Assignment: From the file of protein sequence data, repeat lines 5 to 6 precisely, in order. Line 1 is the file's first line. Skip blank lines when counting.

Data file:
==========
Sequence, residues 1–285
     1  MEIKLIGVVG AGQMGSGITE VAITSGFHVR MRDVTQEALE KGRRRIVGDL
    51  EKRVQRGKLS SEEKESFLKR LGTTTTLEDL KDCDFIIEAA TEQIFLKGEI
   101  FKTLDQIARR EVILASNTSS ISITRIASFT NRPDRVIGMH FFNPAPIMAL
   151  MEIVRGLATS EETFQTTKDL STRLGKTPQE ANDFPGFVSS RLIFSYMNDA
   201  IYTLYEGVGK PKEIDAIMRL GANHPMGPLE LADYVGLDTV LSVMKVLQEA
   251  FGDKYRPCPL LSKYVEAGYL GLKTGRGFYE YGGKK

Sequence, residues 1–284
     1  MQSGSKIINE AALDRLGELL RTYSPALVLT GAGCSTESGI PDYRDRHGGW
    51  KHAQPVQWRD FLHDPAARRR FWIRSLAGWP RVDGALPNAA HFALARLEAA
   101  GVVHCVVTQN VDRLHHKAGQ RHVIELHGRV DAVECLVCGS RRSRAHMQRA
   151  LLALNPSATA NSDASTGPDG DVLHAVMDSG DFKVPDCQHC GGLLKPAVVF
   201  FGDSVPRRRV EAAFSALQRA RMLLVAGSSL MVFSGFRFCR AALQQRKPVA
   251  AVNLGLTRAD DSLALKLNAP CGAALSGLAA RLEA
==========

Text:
   151  MEIVRGLATS EETFQTTKDL STRLGKTPQE ANDFPGFVSS RLIFSYMNDA
   201  IYTLYEGVGK PKEIDAIMRL GANHPMGPLE LADYVGLDTV LSVMKVLQEA